Dave Darrin's Third Year at Annapolis eBook

H. Irving Hancock
This eBook from the Gutenberg Project consists of approximately 138 pages of information about Dave Darrin's Third Year at Annapolis.

“I wouldn’t mind anything,” Belle answered, “if I could feel sure that no more trouble would come out of this affair with Jetson.”

“I don’t believe there will be any disturbing outcome,” Dave assured her; “unless, possibly, another fight.”

“A fight is nothing,” declared Belle with spirit.  “You’re in training to become a fighting man, and a bout or two at fistcuffs is nothing more or less than so much valuable experience.  Dave, promise me something?”

“Of course, if it’s anything promisable.”

“You’ll write me—­”

“Can you doubt that, Belle?”

“And let me know exactly and truthfully if anything further comes of this,” she finished.

“I’ll write and tell you anything that a midshipman is at liberty to make known concerning the conduct of the brigade.”

“Just what does that cover?” asked Belle.

“I can’t easily answer until the something or other happens to turn up.”

“At any rate, Dave, if I get a suspicion that you’re withholding from me anything that I ought to know, I shall be dreadfully worried.  You can’t have any idea how worried I have been about you sometimes in the past.”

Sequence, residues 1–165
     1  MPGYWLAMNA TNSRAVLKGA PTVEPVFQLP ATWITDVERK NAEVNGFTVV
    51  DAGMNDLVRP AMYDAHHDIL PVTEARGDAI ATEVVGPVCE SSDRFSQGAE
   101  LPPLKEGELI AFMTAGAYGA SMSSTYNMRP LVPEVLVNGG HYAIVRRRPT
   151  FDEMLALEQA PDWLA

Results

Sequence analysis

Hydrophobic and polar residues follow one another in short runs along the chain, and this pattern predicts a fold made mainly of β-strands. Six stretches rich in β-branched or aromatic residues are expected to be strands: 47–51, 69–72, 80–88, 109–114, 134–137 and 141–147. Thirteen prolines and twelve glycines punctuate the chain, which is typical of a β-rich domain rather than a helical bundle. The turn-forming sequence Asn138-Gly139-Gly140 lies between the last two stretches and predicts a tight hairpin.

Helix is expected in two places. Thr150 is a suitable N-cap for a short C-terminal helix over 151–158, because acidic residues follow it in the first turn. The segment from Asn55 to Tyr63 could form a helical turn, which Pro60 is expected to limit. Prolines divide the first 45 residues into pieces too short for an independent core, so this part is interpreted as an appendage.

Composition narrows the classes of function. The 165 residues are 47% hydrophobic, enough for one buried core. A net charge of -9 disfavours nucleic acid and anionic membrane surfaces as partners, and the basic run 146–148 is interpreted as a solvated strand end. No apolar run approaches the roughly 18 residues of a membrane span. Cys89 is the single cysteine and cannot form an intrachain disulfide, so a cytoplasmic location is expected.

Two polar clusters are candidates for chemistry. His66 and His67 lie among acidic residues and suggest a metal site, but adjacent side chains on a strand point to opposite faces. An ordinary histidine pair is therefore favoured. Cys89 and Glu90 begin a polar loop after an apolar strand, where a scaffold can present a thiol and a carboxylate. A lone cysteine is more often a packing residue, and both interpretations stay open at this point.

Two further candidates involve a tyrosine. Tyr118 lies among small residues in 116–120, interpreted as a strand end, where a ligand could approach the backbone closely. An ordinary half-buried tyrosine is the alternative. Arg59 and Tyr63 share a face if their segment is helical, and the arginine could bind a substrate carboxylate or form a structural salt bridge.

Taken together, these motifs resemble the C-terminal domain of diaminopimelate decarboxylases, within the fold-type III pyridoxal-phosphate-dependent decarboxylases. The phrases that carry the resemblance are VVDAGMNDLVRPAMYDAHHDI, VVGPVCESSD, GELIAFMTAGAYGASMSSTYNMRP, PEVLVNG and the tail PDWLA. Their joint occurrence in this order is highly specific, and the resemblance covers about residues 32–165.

Not much time was there for the two midshipmen to remain at the foot of the steps of the hotel Then, after hearty good nights, Dave and Dan left the ladies, whom they would not see again until the next visit.

“From one or two things that I couldn’t help overhearing, I judge that Belle is greatly worried over the possibility of trouble arising from the Jetson affair,” remarked Dan on the way back to the Naval Academy and quarters.

“Yes,” Dave admitted.

“Pooh!  How can any trouble come to you out of the matter?  With Jetson it’s different He declared that he wouldn’t take the word of any midshipman in the brigade.”

“That was spoken in the heat of temper.  Jetson didn’t mean it.”

“Just the same, some of the fellows have heard of it already, and I shan’t be surprised if our class holds a meeting and sends Jetson to Coventry—­where the fellow belongs.”

“If they send Jetson to Coventry,” spoke Dave quietly though bluntly, “I shall go along to Coventry with him.”

Dalzell halted, staring at his chum in open-mouthed wonder.

“You idiot!” blazed Dan in wrathful disgust.

CHAPTER XVIII

THE CLASS MEETING SITS AS JURY

Three days later the class meeting was held.

Jetson was especially impressed with the notion that he must attend, since he must appear as the accused.  With one of his disposition it was quite natural that the young man should go before the class in a highly resentful mood.

After a few introductory remarks, Jetson was summoned by the class president to rise.

“Mr. Jetson,” asked the class president, “do you intend to deny having made the remark imputed to you—­that you would not take the word of any midshipman in the brigade!”

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Dave Darrin's Third Year at Annapolis from Project Gutenberg. Public domain.
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